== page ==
This would be more remarkable only if it weren't a testimony to the fact that France obviously no longer feels itself to be the social center of Europe. What the French marker admits to in stating that "Here lies the center of Europe" is the disquieting sense that there is some other relevant center existing elsewhere.

This center marking is clearly a European symptom. Where is this imagined and relevant center that's provoked so much effort at usurpation? Is it Paris? But isn't Paris, no less than, say, Vienna, merely another attempt to remember bygone glories? A point found in parliamentary democracy, in a market economy, in general flourishing? But wouldn't North America, Japan, Israel or New Zealand be better candidates? Where then should we place Switzerland - a police state par excellence? Does it even belong within the social structure of Europe? In what should Switzerland take pride? Prolonging the agony of Mikhail Gorbachev or preserving Saddam Hussein? Or perhaps for shameful capitulation to Slobodan Milosevic? Earning it the right to a flag with gold stars against a blue background? A right shared with non-democratic Balkan Greece, pious Ireland, and Mafiosi Italy?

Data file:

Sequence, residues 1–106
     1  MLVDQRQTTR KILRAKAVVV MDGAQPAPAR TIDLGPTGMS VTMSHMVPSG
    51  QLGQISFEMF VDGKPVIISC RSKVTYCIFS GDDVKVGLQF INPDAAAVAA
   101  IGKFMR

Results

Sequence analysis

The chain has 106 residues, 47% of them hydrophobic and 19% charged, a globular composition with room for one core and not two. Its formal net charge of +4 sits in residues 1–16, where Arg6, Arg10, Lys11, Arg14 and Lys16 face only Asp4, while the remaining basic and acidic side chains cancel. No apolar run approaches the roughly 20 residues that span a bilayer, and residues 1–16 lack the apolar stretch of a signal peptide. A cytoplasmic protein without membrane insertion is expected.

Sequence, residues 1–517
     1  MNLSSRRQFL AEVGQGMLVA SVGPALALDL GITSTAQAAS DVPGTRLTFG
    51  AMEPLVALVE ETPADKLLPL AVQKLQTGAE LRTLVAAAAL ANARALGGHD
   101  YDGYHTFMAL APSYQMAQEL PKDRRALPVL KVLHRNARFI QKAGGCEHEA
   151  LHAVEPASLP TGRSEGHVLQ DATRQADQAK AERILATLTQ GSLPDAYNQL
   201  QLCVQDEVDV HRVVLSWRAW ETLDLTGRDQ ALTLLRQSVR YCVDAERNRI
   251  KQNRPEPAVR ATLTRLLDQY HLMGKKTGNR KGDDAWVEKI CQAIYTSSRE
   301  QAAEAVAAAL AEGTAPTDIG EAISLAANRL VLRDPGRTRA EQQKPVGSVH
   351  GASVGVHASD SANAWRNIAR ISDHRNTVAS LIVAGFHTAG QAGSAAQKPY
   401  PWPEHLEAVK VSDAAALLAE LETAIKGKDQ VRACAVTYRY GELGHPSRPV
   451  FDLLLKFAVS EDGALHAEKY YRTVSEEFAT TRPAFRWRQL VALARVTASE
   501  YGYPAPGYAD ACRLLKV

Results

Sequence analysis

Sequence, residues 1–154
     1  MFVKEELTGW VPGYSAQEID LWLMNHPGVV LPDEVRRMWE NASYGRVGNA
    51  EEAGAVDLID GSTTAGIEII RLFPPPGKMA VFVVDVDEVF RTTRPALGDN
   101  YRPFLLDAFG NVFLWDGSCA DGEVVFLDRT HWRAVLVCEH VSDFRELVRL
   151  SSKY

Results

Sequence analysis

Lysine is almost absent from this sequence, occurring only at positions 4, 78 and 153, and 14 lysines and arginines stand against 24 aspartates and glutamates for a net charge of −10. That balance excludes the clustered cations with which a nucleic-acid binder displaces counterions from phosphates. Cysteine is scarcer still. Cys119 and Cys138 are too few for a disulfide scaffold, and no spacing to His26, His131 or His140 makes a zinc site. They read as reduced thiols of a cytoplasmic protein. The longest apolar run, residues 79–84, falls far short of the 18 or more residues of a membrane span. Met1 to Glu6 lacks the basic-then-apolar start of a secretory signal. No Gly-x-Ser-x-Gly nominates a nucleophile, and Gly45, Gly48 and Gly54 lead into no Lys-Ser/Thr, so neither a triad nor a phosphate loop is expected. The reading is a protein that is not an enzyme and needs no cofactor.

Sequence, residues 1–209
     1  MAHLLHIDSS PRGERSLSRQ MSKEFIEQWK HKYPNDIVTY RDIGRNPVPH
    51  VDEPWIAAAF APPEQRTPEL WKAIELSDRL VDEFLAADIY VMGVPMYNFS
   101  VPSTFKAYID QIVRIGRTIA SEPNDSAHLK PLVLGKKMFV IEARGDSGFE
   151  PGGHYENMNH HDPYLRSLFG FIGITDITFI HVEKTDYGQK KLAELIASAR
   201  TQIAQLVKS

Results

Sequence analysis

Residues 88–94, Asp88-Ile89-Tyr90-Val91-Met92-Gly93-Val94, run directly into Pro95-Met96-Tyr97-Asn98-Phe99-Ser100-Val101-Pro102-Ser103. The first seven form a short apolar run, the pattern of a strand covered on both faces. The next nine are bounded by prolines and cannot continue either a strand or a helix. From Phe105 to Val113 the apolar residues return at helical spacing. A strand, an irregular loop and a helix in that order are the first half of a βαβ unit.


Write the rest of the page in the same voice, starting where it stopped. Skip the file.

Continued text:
If one speaks in terms of individuals, Europe would not seem to belong to anyone who isn't a French wine and food gourmet; who isn't conversant with Renaissance art, German Romanticism and the English novel; or with dissonant music, or perhaps without any of it. In this case, there are no Europeans in the world with the exception of Curzio Malaparte.

Here's the western Eurasian view of political reality: the social structure of so-called Western Europe - as evidenced by its geopolitical heterogeneity - is an artificial construct, ad hoc in the extreme and no longer reflective of its reality, for which this society was completely unprepared. It would be fascinating to watch the Western European effort at restoring the old order were it not for the fact that such effort would bring enormous suffering to a great many people. It would be equally interesting to watch the games being played with the word "Europe," with its redundant modifier "Western," though any other modifier could not possibly be describing Europe. It would be interesting, if it weren't so thoroughly ideological.

Central Europeans ground their European identity in their own historical consciousness. But what is this historical consciousness? It becomes the goal of history to identify a series of events in a meaningful way. Traditionally, historical events are defined through fate or destiny. Those living within the periphery of similar interests are considered partners and can experience Europe as destiny, to be understood only by another Central European. In the interest of illustration, let me modify just slightly the title of my essay: "LITHUANIA AS PARADIGM - A EUROPEAN DESTINY."